#7 Lights of liberty

On Friday evening, I rode down to the Homestead Detention Center, my ride or die partner at the wheel and with a colleague-becoming-friend in the back seat. En route, we stopped for cocktails at Tigertail & Mary, a new hotspot in the Grove neighborhood, and later, coffee at Starbucks. And then a strange thing happened – the vibrant Miami urban life, which had given way to the genteel canopy of oak-lined boulevards through Palmetto – was utterly swallowed up. It was as though we had entered a long, lonely tunnel. There was nothing out here! As we approached the complex, our long, heavy ride was suddenly interrupted by barricades and a prolonged route to the Detention Center.

Once we arrived, we were outside of the compound, and joined the protesters at the “Lights for Liberty” vigil. It was what one would expect – poor sound quality from the stage mics, lots of what my former fiance’s father liked to call “do-gooders” (my tribe!), clergy and other community leaders, and families with kids carrying signs like “families belong together” and “close the camps”. I was struck by one little boy, whose t-shirt read, “kids my age are inside the camps”.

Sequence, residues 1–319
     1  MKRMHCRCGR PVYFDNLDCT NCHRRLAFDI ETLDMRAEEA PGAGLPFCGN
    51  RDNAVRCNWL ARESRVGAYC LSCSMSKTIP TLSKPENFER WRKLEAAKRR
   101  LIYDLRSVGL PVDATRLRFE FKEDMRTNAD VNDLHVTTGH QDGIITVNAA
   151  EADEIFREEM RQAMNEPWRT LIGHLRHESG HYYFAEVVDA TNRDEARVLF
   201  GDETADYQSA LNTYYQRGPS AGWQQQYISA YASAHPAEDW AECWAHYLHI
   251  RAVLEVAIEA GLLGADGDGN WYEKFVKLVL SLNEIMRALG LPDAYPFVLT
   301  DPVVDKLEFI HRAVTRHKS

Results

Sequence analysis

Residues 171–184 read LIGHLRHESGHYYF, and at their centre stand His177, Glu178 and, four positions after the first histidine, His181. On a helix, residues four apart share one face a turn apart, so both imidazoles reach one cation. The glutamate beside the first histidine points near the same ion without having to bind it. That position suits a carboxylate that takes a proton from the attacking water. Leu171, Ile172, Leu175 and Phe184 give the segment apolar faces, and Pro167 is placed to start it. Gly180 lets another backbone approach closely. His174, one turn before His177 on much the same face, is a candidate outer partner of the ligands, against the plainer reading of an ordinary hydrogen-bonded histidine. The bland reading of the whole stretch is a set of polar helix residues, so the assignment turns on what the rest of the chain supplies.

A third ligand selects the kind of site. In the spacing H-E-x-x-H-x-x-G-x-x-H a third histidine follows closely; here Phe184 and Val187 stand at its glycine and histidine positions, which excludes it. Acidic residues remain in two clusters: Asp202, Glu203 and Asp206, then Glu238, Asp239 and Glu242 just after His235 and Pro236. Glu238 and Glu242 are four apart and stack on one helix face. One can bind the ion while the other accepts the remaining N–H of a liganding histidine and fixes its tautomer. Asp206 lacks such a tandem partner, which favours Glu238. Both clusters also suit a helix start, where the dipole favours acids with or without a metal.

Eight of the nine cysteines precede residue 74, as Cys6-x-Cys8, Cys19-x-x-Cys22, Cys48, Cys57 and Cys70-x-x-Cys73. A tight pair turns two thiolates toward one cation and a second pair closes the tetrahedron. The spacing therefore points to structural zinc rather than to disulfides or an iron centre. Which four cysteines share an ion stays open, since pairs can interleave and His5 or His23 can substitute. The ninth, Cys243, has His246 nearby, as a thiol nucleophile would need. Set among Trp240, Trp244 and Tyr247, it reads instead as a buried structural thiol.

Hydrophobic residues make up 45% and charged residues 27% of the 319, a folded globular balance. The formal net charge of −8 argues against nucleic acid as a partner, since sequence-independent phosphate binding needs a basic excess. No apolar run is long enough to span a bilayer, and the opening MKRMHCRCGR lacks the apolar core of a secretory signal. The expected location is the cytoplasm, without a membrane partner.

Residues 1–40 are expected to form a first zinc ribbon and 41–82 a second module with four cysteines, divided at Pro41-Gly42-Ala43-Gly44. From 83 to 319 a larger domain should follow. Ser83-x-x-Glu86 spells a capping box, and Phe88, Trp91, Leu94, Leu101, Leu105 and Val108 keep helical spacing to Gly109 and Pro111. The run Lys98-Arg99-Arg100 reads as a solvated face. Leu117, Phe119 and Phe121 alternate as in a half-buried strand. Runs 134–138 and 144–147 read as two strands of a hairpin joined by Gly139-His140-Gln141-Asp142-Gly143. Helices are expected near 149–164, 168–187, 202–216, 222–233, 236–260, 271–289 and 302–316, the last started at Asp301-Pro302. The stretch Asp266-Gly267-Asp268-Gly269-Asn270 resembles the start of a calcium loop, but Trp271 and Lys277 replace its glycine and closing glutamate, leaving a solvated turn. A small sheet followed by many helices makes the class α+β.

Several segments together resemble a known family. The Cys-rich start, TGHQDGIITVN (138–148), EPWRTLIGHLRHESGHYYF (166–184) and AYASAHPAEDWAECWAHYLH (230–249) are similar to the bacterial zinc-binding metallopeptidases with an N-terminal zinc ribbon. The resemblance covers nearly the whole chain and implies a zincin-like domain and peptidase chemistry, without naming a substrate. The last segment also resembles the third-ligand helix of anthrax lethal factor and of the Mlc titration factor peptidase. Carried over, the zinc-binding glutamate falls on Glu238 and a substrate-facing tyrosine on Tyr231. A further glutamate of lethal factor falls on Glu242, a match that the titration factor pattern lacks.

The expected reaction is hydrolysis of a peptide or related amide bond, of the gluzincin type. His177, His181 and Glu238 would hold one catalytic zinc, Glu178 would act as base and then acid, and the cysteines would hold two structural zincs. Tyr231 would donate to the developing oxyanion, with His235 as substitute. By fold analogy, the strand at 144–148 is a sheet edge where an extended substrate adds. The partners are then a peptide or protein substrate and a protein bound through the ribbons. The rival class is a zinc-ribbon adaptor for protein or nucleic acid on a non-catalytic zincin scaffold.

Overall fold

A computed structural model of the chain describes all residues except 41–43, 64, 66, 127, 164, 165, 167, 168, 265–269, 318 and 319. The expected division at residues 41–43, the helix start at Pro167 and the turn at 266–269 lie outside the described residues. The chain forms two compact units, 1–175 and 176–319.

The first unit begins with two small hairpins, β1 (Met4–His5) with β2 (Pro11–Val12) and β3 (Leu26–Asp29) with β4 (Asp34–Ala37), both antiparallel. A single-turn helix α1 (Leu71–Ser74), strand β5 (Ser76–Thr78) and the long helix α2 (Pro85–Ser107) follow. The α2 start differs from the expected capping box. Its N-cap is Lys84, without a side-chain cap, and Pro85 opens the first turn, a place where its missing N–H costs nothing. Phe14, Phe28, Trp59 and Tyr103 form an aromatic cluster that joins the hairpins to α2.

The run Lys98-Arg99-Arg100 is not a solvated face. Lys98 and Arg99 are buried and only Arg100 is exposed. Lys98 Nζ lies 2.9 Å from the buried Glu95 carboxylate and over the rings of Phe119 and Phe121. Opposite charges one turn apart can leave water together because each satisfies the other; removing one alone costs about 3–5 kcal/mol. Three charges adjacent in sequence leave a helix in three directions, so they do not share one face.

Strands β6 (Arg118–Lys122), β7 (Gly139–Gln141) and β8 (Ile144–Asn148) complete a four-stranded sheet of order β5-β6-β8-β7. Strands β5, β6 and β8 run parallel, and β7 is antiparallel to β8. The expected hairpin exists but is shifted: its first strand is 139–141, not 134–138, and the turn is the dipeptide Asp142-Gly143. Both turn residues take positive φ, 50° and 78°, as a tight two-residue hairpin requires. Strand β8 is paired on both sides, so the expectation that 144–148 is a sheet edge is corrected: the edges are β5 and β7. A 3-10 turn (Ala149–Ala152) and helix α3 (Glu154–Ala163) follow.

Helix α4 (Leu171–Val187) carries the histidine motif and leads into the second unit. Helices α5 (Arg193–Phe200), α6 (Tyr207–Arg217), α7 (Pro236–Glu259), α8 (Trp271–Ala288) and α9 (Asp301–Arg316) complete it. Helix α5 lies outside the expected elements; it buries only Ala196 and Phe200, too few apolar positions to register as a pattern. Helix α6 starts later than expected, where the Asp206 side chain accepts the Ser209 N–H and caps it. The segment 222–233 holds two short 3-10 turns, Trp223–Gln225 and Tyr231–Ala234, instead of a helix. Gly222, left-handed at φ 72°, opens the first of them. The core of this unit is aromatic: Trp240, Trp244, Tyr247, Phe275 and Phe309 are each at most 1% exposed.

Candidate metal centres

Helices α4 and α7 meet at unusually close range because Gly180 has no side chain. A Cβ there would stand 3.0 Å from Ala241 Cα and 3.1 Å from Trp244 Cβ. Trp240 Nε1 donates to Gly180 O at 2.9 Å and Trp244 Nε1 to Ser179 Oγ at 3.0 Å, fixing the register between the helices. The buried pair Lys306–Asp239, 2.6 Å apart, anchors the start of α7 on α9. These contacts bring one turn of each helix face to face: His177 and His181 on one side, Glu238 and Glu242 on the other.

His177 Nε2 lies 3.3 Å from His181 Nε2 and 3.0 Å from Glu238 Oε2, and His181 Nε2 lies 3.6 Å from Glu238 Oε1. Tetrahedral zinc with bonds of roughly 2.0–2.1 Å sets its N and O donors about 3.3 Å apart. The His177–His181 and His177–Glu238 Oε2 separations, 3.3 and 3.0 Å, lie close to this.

That was it, that was the thing with feathers I was looking for: empathy! Empathy for people in circumstances far worse than our own. I feel like that has been missing from our national discourse since the “birther” movement gained enough national momentum to convince almost half of Republicans to question President Obama‘s citizenship status. It would be hard to believe that racial resentment is still so virulent in the U.S., but these kinds of movements show how much entitlement-based hatred influences public opinion in the U.S.

One thing is clear: racist politics are not just bad for people of color. Racism in our public life hurts White people, too. When we vote against our self-interest to serve our race-based hatred, the result is death or insanity. And you know what they say about insanity: it is doing the same tired old thing over and over again, and expecting different results… It’s never too late to join the boy at the Homestead vigil, to let ourselves be guided by empathy for self and others.

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